This could be a very important story. Then again, maybe not.
To date, the White House has been mostly AWOL on the efforts to control federal spending that have emerged in the wake of Hurricane Katrina. Yesterday, President Bush gave a speech to the Economic Club of Washington, in which he said he was “open” to across-the-board budget cuts, and also endorsed finding set-offs to balance hurricane relief spending. The full text of Bush’s speech is here. A key paragraph:
I met with the leader of the House and the Senate today, and we’re working on a plan for pushing significant reductions in mandatory and discretionary spending. Both Houses are on progress — making progress toward cuts that will show the American people we’re capable of being wise about the money, and at the same time, meet our priorities. I encourage Congress to push the envelope when it comes to cutting spending.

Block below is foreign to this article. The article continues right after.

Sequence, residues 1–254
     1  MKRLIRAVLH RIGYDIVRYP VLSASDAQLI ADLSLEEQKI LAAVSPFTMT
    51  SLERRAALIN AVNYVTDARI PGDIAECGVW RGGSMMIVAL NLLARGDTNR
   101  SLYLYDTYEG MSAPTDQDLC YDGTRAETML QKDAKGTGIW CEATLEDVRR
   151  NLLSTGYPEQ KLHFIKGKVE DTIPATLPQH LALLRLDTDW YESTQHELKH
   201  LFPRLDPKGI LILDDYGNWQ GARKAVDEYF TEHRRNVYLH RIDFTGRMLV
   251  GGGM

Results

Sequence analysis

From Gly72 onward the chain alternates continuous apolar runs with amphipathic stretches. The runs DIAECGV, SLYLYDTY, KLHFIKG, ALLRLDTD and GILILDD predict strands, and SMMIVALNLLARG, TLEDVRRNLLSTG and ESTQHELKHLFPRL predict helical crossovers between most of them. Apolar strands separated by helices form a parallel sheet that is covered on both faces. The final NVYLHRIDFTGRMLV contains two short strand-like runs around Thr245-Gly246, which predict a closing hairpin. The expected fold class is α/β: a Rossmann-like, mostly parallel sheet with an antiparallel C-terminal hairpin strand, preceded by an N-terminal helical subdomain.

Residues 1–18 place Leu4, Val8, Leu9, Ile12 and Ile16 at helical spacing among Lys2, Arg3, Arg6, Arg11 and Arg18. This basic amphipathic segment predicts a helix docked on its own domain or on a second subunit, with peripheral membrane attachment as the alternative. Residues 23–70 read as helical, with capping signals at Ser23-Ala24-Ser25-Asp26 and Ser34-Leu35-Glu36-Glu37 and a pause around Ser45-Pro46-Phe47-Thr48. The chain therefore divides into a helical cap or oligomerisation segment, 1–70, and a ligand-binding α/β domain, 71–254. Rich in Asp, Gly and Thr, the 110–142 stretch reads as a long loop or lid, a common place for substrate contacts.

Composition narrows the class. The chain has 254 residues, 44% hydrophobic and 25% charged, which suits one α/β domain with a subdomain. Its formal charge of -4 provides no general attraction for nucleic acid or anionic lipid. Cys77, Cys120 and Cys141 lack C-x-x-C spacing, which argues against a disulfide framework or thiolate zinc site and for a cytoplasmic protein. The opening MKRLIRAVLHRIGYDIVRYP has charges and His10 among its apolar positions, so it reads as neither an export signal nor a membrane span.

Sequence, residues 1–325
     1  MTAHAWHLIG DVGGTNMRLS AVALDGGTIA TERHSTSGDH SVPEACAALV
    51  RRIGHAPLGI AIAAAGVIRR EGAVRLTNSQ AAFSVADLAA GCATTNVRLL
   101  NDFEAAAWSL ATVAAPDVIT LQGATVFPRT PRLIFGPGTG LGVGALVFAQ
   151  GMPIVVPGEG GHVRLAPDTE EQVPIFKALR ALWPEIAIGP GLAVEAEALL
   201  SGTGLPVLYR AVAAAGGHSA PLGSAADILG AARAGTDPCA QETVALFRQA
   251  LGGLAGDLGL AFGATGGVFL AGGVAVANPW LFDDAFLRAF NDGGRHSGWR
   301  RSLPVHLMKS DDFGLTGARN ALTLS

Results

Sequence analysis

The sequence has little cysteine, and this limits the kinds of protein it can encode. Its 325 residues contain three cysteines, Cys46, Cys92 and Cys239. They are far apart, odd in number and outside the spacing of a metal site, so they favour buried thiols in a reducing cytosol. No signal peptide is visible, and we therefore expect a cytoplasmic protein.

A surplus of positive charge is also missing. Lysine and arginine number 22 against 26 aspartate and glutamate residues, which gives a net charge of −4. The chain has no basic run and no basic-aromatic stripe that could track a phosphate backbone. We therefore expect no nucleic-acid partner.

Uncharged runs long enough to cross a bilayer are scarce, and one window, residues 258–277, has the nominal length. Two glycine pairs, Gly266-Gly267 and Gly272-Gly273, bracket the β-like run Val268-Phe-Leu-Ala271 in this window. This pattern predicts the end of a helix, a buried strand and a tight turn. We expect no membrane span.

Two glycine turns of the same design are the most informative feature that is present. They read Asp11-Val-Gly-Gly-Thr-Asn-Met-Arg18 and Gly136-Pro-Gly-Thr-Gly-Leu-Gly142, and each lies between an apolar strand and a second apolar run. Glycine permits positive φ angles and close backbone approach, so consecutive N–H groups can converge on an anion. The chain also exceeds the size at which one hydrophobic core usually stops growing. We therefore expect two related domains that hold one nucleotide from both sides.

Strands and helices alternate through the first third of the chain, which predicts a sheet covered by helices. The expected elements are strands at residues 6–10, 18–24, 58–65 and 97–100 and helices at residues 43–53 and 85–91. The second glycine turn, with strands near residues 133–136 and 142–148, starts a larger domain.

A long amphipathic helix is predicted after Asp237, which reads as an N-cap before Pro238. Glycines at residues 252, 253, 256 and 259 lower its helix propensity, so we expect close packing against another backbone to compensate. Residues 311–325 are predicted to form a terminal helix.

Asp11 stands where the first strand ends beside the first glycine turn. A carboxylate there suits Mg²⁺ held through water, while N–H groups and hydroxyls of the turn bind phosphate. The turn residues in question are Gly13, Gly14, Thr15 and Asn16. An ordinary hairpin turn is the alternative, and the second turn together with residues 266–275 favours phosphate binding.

The liberals are always going to hate President Bush, basically for existing. If he wants to get anything done during the three years remaining in his term, he needs to shore up his standing with his party’s conservative base. As we’ve said many times, that requires action–not just talk–on two key issues: illegal immigration and spending. In the last week, President Bush has made rhetorical gestures on both issues. That’s a start, but it won’t mean anything unless the talk is followed up with meaningful action. And, with the Democrats likely to make gains in next year’s elections, the administration is running out of time.